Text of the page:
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Mixed fortunes for listed US recruiters amid uncertainty

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Mixed fortunes for listed US recruiters amid uncertainty

Our NED, Suhail Mirza, reflects on the performance of US-listed recruiters over the past two months and considers what statements at the World Economic Forum mean for business.

The past two months have seen macro political factors continue to add to the uncertainty felt in global capital markets ranging from the continued Brexit farce to the further brinkmanship in trade talks between the US and China.

Over the two-month period (23rd November 2018 to close of markets on 23rd January 2019) the S&P500 has effectively treaded water moving from 2632 to 2638. The larger listed US recruiters have offered a mixed bag in terms of share price performance.

Mixed share price performance

Manpower Inc (market capitalisation of $4.52 billion) has fallen by over 10 per cent over this period and its price/earnings ratio (9.01) seems to reflect investor caution over its prospects. Over the previous year, (January 2018 to January 2019) it has seen its share price dive by over 46 per cent. ASGN, with a market capitalisation of $3.21 billion, has seen a similar drop as its price fell from $67.85 to $60.30, a decline of 11 per cent. It has fallen by 12 per cent on the preceding year. Struggling too (no pun intended) is Heidrick & Struggles (market cap of $628 million), which has from $35.13 to $32.48 over the past two months, a decline of 7.5 per cent.

A couple of the US listed recruiters have seen their share price drift only incrementally. Robert Half (market cap $7.26 billion), for example has nudged up from $58.8 to $59.35. Kelly Services (market cap of $890 million) has replicated this, drifting from $22.20 to $22.75 over the two months to the close of markets on 23rd January 2019; albeit it has suffered a 21 per cent share price decline over the course of the preceding year.

Conversely the past two months have been positive for a few of the listed recruiters. AMN Healthcare (market cap $2.95 billion) has climbed from $59.95 to $63.55, a rise of six per cent and it has been a boon for investors with its share price rising 24.8 per cent over the previous year. KForce (market cap $854million) has risen by five per cent and grown almost 23 per cent over the previous year.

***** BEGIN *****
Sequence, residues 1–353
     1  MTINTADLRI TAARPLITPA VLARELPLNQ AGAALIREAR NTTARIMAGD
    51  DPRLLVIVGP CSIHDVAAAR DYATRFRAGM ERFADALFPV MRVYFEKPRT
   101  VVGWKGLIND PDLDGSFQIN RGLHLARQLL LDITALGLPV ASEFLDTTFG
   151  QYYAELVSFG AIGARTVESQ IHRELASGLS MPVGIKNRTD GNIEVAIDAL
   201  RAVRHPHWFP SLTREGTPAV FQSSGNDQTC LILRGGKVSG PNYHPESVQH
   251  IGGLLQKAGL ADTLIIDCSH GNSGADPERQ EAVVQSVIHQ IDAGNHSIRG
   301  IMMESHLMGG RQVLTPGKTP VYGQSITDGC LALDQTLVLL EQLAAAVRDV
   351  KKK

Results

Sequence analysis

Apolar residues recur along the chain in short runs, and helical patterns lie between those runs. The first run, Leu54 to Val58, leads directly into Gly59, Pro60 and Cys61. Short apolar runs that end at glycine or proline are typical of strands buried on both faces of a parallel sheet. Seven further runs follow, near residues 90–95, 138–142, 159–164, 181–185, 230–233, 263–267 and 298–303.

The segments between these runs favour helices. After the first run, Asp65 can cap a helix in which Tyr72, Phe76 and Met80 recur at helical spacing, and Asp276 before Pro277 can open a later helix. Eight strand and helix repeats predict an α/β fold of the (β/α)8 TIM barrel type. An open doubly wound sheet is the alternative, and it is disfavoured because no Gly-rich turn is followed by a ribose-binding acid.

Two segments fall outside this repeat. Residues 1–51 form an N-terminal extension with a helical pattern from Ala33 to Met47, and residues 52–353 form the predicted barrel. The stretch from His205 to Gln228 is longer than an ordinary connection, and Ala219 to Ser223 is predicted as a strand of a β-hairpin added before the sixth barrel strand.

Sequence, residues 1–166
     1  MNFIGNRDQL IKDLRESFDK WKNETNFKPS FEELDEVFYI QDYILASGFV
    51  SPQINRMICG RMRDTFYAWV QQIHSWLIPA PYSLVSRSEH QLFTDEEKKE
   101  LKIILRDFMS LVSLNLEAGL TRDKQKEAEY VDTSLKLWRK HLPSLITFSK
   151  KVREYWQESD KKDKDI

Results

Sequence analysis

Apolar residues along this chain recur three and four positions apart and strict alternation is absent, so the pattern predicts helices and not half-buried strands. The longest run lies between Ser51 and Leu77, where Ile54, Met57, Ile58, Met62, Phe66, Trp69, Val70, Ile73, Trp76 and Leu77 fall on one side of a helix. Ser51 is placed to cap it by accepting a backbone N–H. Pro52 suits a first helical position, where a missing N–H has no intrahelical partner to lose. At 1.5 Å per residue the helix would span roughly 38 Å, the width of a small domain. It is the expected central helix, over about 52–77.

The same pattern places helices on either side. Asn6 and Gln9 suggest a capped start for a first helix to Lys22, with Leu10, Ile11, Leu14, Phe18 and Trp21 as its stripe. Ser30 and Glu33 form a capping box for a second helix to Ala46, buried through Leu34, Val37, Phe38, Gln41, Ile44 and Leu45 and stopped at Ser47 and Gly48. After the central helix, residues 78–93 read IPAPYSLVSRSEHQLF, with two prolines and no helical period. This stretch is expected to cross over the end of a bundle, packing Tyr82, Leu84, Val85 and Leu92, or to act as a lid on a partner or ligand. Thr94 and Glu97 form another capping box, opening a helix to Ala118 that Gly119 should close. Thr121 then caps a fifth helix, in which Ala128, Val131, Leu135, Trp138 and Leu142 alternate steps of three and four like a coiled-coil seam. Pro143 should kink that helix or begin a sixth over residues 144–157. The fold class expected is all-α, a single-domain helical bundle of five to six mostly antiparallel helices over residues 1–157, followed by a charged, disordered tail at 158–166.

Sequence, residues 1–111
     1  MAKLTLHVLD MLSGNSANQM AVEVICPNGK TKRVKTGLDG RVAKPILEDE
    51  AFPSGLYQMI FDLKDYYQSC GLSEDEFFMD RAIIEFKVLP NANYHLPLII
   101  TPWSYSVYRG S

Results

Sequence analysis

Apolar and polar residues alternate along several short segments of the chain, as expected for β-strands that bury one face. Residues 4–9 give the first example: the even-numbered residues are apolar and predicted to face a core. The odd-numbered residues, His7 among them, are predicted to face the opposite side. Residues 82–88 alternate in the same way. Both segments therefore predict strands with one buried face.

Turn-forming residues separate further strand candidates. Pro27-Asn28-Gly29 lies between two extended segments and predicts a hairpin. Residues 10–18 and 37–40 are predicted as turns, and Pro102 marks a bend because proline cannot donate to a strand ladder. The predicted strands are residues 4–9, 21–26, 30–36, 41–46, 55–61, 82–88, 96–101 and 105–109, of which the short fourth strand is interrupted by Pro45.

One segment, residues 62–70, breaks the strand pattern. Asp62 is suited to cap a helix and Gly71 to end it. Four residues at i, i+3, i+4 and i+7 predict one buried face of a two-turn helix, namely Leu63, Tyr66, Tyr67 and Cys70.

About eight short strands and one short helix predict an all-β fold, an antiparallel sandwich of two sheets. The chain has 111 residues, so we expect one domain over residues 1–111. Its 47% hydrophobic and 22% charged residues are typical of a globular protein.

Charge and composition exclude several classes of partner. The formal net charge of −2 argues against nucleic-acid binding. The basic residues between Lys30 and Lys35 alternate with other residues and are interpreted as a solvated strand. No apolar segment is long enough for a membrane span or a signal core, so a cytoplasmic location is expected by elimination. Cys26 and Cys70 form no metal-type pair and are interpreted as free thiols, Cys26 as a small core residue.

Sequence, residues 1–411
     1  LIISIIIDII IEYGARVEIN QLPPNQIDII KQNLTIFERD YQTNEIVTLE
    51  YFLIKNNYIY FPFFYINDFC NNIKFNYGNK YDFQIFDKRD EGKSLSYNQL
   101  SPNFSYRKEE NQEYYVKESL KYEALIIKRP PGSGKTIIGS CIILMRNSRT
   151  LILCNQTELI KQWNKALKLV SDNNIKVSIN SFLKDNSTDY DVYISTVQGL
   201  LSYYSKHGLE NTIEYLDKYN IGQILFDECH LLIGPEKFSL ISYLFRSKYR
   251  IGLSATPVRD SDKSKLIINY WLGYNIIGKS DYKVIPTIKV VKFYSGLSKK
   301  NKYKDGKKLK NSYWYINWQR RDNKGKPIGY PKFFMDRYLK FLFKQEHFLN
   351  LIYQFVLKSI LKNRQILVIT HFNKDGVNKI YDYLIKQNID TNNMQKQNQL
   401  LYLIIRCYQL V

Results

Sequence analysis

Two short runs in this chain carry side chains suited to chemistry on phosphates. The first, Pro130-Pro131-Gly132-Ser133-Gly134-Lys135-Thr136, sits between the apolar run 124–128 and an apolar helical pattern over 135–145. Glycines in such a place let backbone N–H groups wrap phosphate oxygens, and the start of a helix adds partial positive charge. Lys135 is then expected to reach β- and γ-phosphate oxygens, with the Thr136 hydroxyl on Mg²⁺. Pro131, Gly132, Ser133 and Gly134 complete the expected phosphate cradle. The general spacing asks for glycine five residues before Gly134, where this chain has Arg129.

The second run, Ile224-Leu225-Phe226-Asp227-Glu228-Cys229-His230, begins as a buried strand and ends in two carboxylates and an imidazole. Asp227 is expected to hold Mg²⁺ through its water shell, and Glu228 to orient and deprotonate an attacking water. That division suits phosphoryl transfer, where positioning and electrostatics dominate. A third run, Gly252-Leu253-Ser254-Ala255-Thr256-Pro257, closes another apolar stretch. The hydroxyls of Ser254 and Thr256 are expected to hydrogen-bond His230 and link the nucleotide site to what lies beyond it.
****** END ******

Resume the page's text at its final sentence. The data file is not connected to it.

The stand out performer has, however, been Insperity inc (market cap $4.19 billion), which has climbed over the past two months by almost six per cent; but this is part of a spectacular trend which has seen its share price rise by 68 per cent over the course of the preceding year. It is clearly a darling of the investor community as revealed by its price/earnings ratio which sits at an eye-watering 32.74.

The question for investors as ever will be whether the larger forces of political economy prove a drag on the US economy. The S&P 500 has, for example, rallied by more than 11 per cent since Christmas and Elia Lattuya, a strategist at Unicredit, sounds caution about whether this can continue: “A fine balance of friendly monetary policy, clear growth, modest inflationary pressure and a lack of material external risks would be required to sustain the rally for the months to come.”

Diatribes from Davos

Those “external risks” may have notched up a little following some of the terse statements made at the World Economic Forum at Davos on 23rd January. Angela Merkel, German chancellor, issued a thinly veiled criticism of what she posits is the US Administration’s efforts to undermine the architecture of global economic institutions such as the IMF and World Bank. Kamal Nath, chief minister of Madhya Pradesh (India), went further stating: “The new global order is the global disorder, not merely in trade.”

Meanwhile the potential for an escalation in the China-US “trade war” continues as the US rejected an offer to hold preparatory talks with two Chinese ministers ahead of more formal trade talks. It is pertinent to note that the Chinese Vice-President, Wang Qishan, tried to strike an upbeat note at Davos referring to the 2018 Chinese economic growth rate of 6.6% per cent as “not low at all.” Certainly, that is true when compared to the advanced economies but what he omitted to mention is that it was one of the lowest rates for China in the past three decades.

Consequently, investors will hope that the Trump Administration understands that further trade tariffs and restrictions on Chinese exports could further undermine the latter’s growth prospects. That would bode ill for the global economy as a whole and for the US too.

 

This article was originally published in Recruitment International.